Xian H-6 (tanker variants) gallery

(H-6U image). China began developing air tankers in the late 1980s, during a period of modernization of its Air Force and also due to an incident with Vietnamese forces known as the “Johnson South Reef skirmish.” This armed incident took place on March 14, 1988, and was the culmination of a long territorial dispute between Brunei, China, Malaysia, the Philippines, Taiwan, and Vietnam. In this confrontation, China was aware of the need to be able to deploy its combat aircraft beyond its continental territory, something that PLAAF could not achive adequately.
(RDC-1 pod image). Initially, the PLAAF contacted different foreign manufacturers with the idea of ​​reaching an agreement for the licensed manufacturing of aerial refueling systems. However, after the harsh repression of the 1989 Tiananmen Square protests, the West imposed an arms ban that forced the cancellation of all contacts, so the only alternative left was to develop a completely indigenous system. In 1986, the Chinese authorities had signed an agreement with Flight Refuelling Limited (FRL Ltd) in the UK to convert an H-6 bomber into a tanker aircraft by installing an indigenous pylon mounted RDC-1 hose/drogue pod under each wing. The RDC-1 pods were to be designed by the China Research Institute of Aero Accessories and can be said to be a copy of the old “Mk.32B” pods manufactured by the British firm FRL Ltd.
(FRL Mk.32B pod image). According to other sources, in the early 1990s, China obtained some Western air refueling equipment from the 1960s and 1970s, through third countries, which it intended to use as a basis for its own design, but certainly, the RDC-1 pod is practically a copy of the British model, so the information referred to above seems more plausible. Once the fuel transfer system was achieved, all that remained was to install it on the chosen aircraft and start the test program.
(H-6U image). Development progressed at a good pace and during 1988, an aerial tanker based on the H-6 bomber was exhibited at a technology fair held in Beijing. According to some sources, this first tanker aircraft was designated “HY-6” and maintained the PV-23 fire control system and could perform bombing missions if necessary. Probably this aircraft was more an experimental prototype than an operational aircraft. Later, in 1990, an aircraft called Xian HY-6U or H-6U performed its maiden flight, this being considered the first operational variant, since the PV-23 fire control system and Type 244 radar were removed, in such a way which became a dedicated refueling aircraft.
(H-6U image). The new HY-6U/H-6U tanker aircraft was almost identical externally to the H-6 bombers, although its airframe was of new construction. The nose of the H-6U was different, lacking glass and being completely solid, with weather radar inside. New flight control and navigation systems were also installed, including an inertial navigation system (INS), a GPS and a tactical air navigation system (TACAN). An electronic warfare suite was included with a radar warning receiver (RWR) and a chaff/flare dispenser. Additional lights were installed under the pods and in the fuselage to allow night refueling, although this was not considered common practice as the refueling system was not compatible with night-vision goggle (NVG).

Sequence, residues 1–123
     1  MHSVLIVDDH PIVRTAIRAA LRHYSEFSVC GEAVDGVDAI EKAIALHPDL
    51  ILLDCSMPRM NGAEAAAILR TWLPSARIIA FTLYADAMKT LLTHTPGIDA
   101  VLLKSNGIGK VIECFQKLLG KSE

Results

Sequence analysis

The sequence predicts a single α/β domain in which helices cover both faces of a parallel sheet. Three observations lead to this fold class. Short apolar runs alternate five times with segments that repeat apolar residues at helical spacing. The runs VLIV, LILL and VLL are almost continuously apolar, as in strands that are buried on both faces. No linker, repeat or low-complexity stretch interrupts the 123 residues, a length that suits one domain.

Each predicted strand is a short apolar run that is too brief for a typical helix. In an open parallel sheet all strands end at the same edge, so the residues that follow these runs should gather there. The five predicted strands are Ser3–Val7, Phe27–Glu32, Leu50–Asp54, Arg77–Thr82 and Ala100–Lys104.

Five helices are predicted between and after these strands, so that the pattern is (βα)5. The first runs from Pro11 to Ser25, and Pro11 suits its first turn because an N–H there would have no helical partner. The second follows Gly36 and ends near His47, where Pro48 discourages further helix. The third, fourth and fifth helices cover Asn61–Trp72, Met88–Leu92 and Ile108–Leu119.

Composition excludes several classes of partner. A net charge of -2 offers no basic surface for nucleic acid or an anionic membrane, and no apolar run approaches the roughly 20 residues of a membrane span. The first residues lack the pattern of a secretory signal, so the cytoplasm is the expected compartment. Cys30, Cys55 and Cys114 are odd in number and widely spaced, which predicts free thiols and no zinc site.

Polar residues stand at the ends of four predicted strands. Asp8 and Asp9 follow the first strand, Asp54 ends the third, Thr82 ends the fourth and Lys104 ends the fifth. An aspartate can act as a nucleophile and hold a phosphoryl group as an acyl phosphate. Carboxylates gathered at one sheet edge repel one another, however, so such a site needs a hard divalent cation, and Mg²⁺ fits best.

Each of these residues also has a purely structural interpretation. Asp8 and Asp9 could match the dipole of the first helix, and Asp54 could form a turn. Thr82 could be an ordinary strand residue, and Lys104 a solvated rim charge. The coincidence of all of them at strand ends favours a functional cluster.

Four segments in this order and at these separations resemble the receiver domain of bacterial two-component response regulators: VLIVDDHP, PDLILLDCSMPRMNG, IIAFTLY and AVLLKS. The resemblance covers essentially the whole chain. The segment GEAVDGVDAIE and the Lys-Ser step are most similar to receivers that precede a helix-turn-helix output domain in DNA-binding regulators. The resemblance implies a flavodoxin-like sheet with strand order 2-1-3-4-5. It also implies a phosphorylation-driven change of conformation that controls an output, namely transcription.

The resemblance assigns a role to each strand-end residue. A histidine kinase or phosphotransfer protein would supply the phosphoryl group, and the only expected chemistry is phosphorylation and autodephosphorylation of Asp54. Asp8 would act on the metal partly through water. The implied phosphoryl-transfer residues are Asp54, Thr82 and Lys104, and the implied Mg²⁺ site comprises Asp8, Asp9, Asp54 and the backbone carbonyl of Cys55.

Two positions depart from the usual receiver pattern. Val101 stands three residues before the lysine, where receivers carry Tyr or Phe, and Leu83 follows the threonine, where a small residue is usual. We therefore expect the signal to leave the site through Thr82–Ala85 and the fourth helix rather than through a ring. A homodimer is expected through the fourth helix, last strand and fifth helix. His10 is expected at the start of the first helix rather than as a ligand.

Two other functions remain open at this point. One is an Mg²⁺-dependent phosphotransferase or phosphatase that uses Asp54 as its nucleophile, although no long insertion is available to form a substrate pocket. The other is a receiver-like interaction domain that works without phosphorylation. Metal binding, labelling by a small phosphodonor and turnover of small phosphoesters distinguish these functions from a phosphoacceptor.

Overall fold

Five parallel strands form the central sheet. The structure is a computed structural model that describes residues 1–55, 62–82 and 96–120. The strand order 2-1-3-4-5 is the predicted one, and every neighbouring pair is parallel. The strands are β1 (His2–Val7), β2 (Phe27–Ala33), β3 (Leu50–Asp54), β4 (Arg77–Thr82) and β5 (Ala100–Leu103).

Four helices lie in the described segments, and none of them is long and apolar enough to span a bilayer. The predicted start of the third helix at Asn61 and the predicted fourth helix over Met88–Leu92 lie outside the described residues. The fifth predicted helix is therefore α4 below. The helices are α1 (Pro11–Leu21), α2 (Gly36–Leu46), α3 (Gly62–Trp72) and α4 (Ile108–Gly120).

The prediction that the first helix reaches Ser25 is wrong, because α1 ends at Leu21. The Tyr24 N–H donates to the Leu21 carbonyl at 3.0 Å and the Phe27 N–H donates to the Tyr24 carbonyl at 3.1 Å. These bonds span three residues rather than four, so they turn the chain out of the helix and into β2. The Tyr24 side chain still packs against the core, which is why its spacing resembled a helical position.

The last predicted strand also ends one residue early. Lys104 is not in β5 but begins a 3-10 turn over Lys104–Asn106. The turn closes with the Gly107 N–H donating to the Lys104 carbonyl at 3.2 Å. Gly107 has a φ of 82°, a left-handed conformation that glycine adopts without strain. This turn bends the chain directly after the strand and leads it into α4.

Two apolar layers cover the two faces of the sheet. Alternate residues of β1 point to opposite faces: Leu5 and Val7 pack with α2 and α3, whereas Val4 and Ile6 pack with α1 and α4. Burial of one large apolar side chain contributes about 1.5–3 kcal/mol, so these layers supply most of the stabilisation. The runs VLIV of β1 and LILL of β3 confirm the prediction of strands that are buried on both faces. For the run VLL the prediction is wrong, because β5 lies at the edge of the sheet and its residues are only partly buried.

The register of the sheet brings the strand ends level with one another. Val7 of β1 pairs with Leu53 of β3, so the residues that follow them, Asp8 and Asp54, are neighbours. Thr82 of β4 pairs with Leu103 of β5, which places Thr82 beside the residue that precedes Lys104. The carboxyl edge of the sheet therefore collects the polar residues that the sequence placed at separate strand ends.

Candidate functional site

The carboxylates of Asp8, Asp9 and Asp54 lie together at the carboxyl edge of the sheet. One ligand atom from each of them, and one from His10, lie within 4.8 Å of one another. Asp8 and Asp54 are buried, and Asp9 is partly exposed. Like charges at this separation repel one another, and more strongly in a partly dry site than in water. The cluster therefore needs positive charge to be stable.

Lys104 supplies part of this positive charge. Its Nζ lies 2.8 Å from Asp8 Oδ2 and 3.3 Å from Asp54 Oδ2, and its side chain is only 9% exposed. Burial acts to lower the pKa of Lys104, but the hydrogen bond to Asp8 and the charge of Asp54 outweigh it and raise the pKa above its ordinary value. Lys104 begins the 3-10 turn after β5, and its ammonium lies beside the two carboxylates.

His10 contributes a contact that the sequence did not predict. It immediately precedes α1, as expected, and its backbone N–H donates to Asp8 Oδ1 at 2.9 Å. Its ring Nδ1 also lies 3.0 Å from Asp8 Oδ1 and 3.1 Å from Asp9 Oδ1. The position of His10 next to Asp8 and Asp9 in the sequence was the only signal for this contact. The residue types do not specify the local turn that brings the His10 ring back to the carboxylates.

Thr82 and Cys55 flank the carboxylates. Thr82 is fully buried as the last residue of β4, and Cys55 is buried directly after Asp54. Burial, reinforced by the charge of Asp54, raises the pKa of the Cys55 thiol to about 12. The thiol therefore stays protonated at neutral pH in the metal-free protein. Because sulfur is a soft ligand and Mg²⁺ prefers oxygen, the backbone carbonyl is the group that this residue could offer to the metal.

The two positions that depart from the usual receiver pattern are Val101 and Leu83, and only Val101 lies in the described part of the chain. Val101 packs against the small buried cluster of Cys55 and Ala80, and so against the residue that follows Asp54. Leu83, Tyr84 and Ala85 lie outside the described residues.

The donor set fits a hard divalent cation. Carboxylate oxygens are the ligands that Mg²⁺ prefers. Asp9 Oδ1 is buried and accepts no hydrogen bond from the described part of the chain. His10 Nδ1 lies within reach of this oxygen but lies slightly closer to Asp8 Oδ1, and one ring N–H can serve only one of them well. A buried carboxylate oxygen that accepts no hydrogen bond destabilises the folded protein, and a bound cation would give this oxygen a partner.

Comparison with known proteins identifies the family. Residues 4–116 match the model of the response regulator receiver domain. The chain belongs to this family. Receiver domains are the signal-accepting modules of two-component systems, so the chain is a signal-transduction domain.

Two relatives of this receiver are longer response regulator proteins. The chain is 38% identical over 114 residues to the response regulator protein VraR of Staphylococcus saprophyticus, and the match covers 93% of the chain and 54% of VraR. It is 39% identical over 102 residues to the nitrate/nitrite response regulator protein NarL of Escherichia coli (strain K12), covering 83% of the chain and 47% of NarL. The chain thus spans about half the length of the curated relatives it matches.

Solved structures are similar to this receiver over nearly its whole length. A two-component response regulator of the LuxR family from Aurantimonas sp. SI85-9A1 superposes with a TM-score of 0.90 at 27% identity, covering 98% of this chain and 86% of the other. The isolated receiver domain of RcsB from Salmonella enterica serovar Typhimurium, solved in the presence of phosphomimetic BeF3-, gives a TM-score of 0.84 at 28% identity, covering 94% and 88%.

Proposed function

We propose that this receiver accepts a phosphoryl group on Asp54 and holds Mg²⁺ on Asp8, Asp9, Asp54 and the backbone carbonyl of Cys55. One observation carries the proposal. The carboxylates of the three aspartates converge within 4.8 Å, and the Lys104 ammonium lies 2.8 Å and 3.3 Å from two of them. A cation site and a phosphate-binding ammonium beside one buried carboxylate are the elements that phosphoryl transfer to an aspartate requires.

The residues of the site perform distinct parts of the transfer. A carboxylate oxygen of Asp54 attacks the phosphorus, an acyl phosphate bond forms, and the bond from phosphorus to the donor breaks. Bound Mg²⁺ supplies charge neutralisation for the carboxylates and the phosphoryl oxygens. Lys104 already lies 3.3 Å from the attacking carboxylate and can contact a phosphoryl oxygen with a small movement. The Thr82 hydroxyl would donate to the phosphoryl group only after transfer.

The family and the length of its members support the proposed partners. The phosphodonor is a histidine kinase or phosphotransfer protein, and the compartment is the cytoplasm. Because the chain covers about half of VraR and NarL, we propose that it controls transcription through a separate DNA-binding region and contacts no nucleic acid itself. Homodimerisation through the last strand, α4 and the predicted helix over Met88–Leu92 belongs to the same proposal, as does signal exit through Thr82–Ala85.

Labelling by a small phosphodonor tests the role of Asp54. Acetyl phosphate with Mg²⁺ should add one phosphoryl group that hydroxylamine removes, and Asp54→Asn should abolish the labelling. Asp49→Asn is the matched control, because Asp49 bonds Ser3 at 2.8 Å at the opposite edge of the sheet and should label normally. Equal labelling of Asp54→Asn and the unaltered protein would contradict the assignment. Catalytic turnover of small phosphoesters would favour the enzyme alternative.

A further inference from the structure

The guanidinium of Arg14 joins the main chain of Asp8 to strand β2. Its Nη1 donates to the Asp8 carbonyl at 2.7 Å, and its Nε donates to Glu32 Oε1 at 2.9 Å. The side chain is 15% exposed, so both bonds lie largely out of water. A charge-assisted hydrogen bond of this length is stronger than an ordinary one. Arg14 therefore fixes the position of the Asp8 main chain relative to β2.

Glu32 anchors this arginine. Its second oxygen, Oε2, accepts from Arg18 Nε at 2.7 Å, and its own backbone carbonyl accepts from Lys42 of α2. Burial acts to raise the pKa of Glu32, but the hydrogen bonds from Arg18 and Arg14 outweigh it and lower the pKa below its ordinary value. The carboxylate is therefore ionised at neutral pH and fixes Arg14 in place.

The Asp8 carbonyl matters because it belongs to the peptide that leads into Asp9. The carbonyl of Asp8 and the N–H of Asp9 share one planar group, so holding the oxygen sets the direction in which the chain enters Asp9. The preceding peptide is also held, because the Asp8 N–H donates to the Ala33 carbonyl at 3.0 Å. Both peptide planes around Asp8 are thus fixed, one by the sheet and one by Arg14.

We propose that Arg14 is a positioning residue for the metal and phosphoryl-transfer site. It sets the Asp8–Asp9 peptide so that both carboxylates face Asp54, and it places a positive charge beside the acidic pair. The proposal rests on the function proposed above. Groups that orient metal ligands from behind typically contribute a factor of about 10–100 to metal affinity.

(H-6U image). The refueling equipment consisted of two RDC-1 hose/drogue pods installed in the wings, two large fuel tanks installed in the bomb bay and the refueling operator station located in the tail gunner compartment. The fuel capacity for refueling is 18,500 kg, but for refueling at a maximum radius of 2,200 km the amount is reduced to 10,000 kg. The H-6U can refuel two aircraft at the same time and in one sortie it can refuel a maximum of 6 fighters, extending its combat radius by around 50%.
(H-6U image). The Xian HY-6U/H-6U performed the first successful aerial refueling operation in 1992, when it supplied fuel in flight to a pair of J-8D Finback fighters. In 1999, two H-6U tankers could be seen along with several J-8 fighters during the National Day military parade, so it was assumed that these tankers were already fully operational at that date. The H-6U tankers began refueling J-8 Finback fighter aircraft and currently can support the J-10 fighter and perhaps the JH-7 fighter-bomber but not the Russian Su-27SK and Su-30MKK fighters so the PLAAF has other tanker aircraft such as the Ilyushin Il-78 MP or the new Xian YY-20A. Currently (2024) the PLAAF has 10 HY-6U/H-6U in service with the 8th Bomber Division stationed in Southeast China, with a view to possible operations in Taiwan and the South China Sea.
(H-6DU image). Once the PLAAF HY-6U/H-6U were in service, work began to provide the PLA Naval Air Force (PLANAF) with an aircraft to support its combat aircraft. On this occasion it was decided to convert some H-6D maritime bombers by installing the same electronics, ECMs and refueling equipment as in the Air Force tankers. The new naval tanker received the designation “H-6DU” and kept the glass-in nose and the Type 245 search radar radome under the nose, although the remote control gun barbettes, tail turret and mid-wing harpoints were removed. Currently (2024) there are 7 H-6DUs in service distributed in the 6th and 8th Divisions within the PLANAF, based in Changzhou and Guiping respectively.

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